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Seed Brand to purchase

Posted by doctj (My Page) on
Sun, Oct 7, 12 at 18:01

Hi all
I'd like advice on which brand of tall fescue seed to purchase. I bought Scott's last year and it definitely introduced weeds into my lawn. I used organic weed killer (vinegar, orange cleaner, washing up liquid )which worked but they sprouted back. I want to reseed this year and was wondering if a better brand that doesn't lie about being 99% weed free is available. Thanks for any and all responses.


Follow-Up Postings:

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RE: Seed Brand to purchase

More than likely those "weeds" did not come from the grass seed you purchased, but most likley were already in your soil or were planted by birds flying over. Some "weeds" will resprout from roots that are not killed by applications of herbicides as well as from bits and pieces of stems left behind and in contact with the soil.
The generic "contractors" grass mixes are more likely to have "weed" seeds than would those sold under a national brand name.


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RE: Seed Brand to purchase

99% is not weed free. You can still have a bunch of weed seeds in a bag of seed. Most of the premium seed from seed companies is much lower in weed seed percentage...much lower. Check out the general lawn care board if you need advice on companies from which to buy premium quality seed. Do a search for "online seed retailers" in that board, and a thread will come up with a few trusted names.


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RE: Seed Brand to purchase

I've used Scott's before but now I use pennington grass seed. easily available and seems to have virtually no weed seed.


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RE: Seed Brand to purchase

Never buy Scotts or Pennington or anything you find at a big box store, hardware store or home improvement store. Never. Never. Never.

You want seed direct from Oregon, and when it comes to fescue, there are plenty of sources for it. I won't advertise them here, but you can get this year's fresh Oregon-grown fescue seed shipped to your home in less than a week. It will be 100 percent weed free. 100 percent. Do not buy from a local retailer, that is the oldest seed on the market and it contains fillers and weed seeds no matter what they claim. That's why the germination rate listed on the tag is always low compared with direct-from-Oregon seed.

If you contact me, I'll put you onto a couple of internet retailers who sell fresh fescue seed. I actually found real Houndog 6 tall fescue at a store ONCE, and it was a fluke. It was in a bag branded as Houndog, which usually contains something like Rebel or some other low germinator. Houndog 6 is a great seed. I saw Houndog 5 survive a 100-year-drought in Dixie a couple years ago and couldn't believe that browned-out stuff came back fully 50 percent after months of drougth. It came directly from the wholesaler in Oregon, the farmers, the actual source. And it was worth the $200 it cost to buy and ship it. Today, it's healthy though often flopped over, sort of like miniature pasture grass, because I don't try to manicure the lawn to look like a golf course. I prefer a more natural look.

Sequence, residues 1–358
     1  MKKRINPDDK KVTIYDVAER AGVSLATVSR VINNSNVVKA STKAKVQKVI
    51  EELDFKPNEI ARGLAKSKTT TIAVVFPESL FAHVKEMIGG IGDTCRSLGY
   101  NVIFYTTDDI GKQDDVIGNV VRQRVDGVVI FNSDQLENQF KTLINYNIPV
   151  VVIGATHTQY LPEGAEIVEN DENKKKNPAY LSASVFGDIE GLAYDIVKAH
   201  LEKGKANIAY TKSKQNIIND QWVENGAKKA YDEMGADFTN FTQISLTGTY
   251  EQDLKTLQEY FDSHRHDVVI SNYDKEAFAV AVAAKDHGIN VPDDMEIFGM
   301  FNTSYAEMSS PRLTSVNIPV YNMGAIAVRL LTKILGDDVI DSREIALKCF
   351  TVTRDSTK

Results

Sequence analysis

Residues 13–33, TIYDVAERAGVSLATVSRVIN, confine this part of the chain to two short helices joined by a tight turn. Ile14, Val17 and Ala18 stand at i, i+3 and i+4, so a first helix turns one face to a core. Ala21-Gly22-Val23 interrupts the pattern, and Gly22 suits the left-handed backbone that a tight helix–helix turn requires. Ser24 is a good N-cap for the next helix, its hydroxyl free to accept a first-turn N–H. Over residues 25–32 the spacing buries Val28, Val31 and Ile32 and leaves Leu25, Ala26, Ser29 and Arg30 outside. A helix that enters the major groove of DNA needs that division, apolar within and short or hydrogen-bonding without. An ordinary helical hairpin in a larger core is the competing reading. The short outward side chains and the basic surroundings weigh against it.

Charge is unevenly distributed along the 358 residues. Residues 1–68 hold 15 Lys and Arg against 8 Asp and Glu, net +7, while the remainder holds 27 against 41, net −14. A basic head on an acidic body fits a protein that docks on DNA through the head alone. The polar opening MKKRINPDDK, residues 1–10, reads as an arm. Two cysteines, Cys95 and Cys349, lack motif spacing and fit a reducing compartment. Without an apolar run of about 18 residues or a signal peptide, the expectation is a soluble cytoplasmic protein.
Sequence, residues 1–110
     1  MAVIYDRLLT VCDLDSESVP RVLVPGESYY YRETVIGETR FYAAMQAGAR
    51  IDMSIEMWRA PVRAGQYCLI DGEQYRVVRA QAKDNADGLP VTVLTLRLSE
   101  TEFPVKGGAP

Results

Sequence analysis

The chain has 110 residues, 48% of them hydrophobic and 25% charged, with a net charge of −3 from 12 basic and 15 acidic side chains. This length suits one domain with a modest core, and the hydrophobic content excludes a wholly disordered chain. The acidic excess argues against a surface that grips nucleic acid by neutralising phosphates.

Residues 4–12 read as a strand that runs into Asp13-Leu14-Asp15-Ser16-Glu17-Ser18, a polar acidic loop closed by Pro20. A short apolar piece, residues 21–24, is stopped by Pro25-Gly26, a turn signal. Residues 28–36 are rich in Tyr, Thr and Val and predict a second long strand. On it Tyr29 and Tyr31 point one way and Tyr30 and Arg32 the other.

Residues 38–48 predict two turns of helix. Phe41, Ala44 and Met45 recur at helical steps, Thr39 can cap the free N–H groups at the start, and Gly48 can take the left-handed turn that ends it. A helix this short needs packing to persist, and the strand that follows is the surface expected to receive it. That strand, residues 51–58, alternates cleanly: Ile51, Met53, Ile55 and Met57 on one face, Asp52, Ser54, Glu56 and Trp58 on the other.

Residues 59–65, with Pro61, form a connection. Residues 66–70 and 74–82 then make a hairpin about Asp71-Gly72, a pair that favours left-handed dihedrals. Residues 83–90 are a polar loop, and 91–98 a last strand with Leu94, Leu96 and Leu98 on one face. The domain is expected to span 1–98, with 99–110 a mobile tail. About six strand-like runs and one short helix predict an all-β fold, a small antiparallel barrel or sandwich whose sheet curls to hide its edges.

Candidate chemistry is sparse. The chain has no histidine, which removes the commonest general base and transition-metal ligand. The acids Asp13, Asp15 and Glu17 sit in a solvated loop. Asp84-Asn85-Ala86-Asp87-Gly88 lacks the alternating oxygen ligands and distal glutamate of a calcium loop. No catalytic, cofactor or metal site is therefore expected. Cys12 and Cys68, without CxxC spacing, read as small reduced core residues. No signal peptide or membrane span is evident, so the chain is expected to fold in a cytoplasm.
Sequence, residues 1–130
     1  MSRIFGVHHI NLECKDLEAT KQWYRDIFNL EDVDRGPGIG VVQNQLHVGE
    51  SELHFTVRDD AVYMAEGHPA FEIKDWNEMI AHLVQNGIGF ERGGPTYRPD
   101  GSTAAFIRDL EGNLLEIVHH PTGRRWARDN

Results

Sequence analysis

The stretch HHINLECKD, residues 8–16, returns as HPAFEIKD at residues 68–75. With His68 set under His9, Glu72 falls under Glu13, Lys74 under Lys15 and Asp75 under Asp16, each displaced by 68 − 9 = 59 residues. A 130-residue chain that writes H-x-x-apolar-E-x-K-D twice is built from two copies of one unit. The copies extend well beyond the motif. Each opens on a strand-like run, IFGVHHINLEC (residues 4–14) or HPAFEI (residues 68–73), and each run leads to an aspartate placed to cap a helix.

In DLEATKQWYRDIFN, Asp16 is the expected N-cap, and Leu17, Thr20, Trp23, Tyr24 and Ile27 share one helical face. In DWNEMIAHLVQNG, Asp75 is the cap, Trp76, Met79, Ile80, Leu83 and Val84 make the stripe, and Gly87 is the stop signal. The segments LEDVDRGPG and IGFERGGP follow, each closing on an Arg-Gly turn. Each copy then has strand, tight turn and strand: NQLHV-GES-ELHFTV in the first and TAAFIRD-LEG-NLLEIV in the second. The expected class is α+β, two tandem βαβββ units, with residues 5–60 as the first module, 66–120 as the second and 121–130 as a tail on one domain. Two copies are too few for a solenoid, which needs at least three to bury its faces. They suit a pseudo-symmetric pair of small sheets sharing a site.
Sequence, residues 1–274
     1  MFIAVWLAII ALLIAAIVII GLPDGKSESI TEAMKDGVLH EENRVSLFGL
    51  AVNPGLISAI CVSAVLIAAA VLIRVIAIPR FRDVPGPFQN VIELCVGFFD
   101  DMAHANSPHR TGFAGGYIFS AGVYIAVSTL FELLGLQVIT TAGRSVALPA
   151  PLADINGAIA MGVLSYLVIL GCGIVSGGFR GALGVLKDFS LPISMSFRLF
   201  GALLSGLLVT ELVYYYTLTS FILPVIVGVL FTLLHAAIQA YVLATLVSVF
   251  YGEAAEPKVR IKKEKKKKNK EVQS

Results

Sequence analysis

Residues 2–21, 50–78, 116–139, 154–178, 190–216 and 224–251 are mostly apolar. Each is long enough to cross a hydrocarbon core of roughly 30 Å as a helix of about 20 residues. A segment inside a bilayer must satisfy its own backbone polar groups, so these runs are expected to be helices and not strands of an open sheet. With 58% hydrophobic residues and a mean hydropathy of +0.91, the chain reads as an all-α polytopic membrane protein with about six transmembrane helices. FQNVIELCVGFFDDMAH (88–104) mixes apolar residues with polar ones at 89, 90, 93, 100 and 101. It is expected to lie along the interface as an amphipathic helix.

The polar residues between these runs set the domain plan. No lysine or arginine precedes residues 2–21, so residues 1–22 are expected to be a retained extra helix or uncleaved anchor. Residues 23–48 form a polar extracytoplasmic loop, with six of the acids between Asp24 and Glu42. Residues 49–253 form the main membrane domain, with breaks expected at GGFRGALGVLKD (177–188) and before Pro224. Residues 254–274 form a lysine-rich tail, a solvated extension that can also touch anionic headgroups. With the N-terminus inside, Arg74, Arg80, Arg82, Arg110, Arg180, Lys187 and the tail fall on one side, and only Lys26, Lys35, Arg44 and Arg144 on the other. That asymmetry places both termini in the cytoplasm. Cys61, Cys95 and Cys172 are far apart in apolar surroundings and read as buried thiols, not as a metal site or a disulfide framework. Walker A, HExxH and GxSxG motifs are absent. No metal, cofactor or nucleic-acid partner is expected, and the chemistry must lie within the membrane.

These fescues can be cut at 1/2 inch and can look like carpet. Having another yard in Florida where summer grasses like St. Augustine and Bermuda grow faster than anywhere else, I know that almost no one mows properly. Same goes with these elite turf type fescues. They require mowing about every third day to remove 1/3rd of the leaf. If you mow once a week, you get thatch in St. Augustine or Zoysia or bermuda (less of a problem with the last one). With fescue, you don't get much thatch to speak of. Not unhealthy thatch anyway. Use a harrow during the two growing seasons and you'll air-up the soil surface fine without needing a tine dethatcher or anything like that. I actually have a small amount of fescue that is hybridized and has rhizomes and stolons. Looks like Bermuda except it stays green all winter and comes up from the soil surface sort of like St. Augustine. Not crazy about that variety, but it is part of an elite mix, so it has its place.

My favorite fescue is Bingo if you can get it. Then Houndog. Then Solara. Solara does awesome in southern heat. It can survive a Florida summer, but requires too much babying. Perennial ryegrass can be used within a fescue lawn, but again, stay away from retailer seed.

In summary, best seed to purchase will have a germination rate of higher than 85 percent, it will be blue-labeled organic or at least white-labelled 100 percent weed free with no filler. If they have it at a local retainler, don't buy it. Hit the worldwide interweb and find direct-from-the-farm seed if you can get it.

Here is a link that might be useful: Never used these guys, but here is an example


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RE: Seed Brand to purchase

You really do get what you pay for in seed. The problem in understanding that is the way it is sold. There is a guaranteed analysis on every bag of seed. It tells you, by weight, how much of every seed is in the bag. What it does not tell you is how much the different seeds weigh. There are two invasive weed seeds where seed comes 3 million to the pound. These are practically dust particles. It is easy to get a few thousand of those in a bag. The bag will tell you, too. It might say 0.003% weed seed or other crop. Doesn't sound like very much, huh? Well 0.003% of 3 million becomes 90,000 seeds per 10-pound bag. You only need a few to germinate and you have a weedy mess.


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